The Billie Jean King Cup is in doubt after the The International Tennis Federation (ITF) terminated the agreement with host city Budapest, Hungary.
A source within the ITF confirmed that the revamped women’s team competition featuring 12 nations, formerly known as the Fed Cup, would no longer take place at the Laszlo Papp Arena.
“We have been working closely with the Hungarian Government and the Hungarian Tennis Association (HTA) to review all feasible options to reschedule this year’s Finals,” said Haggerty, an International Olympic Committee (IOC) member, said on Tuesday.
“After working together in good faith for the past year, we were surprised and disappointed to be informed that the HTA no longer considers it possible to hold the event in Budapest.
“Given the timing, the ITF has been left with no other option than to end the hosting agreement with Hungary and explore an alternative solution.”
The ITF received a letter from the Hungarian Tennis Association (HTA) on April 22 saying it was no longer feasible to host the Finals, citing safety reasons.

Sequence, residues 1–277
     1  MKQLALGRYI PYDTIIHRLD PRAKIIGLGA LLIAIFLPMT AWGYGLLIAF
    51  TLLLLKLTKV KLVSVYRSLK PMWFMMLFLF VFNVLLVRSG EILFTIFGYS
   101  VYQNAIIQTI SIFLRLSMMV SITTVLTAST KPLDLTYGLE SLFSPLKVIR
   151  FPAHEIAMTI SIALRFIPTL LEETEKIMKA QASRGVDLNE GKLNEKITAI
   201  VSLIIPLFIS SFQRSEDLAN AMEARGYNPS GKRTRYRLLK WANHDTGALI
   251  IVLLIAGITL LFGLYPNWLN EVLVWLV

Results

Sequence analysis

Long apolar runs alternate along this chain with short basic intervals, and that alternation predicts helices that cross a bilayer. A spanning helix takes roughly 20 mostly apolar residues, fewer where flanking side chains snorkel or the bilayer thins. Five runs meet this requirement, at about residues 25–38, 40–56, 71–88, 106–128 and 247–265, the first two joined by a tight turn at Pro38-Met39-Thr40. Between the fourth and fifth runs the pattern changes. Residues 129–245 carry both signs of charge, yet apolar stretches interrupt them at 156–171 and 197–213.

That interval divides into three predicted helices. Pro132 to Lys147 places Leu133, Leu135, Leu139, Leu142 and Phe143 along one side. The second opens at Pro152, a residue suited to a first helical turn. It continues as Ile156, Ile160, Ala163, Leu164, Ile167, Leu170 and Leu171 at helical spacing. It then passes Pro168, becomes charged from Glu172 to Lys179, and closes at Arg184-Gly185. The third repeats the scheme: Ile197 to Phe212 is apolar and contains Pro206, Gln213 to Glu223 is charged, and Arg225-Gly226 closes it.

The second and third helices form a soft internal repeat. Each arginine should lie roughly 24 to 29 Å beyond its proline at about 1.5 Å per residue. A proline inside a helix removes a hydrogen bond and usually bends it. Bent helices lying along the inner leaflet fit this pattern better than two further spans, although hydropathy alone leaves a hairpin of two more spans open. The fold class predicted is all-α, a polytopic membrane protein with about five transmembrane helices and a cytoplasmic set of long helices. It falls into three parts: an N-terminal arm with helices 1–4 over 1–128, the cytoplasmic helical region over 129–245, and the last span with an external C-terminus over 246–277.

The Fed Cup was revamped in 2019 with Budapest winning the right to host the finals but the inaugural edition last April was postponed because of the pandemic.
It was re-scheduled for last month but was again postponed on health grounds. No new date had been agreed.
According to news agency Reuters, The HTA said the emergence of new virus variants meant they could not safely organise the week-long event that would feature 60 athletes plus coaches and support staff.
“The ITF will do everything in its power — for the sport, the players, nations, and the fans — to ensure this landmark competition in tennis and women’s sports will be held as soon as it is reasonably practicable,” Haggerty said.
France, Russia, Hungary, Australia, Belarus, Belgium, the United States, Spain, Slovakia, Czech Republic, Germany and Switzerland have qualified for the Finals.
Budapest was announced as hosts in 2019 when the Fed Cup was re-structured into a World Cup of tennis format concluding with a 12 nations competing over a week for the title.
The total prize money fund is on a par with the men’s Davis Cup with an $18 million pot in which $12 million goes to the players and $6 million to the national federations.
It was re-named the Billie Jean King Cup last year in honour of the American 12-time Grand Slam champion and women’s tennis trailblazer who was part of the winning team of the inaugural Fed Cup in London in 1963.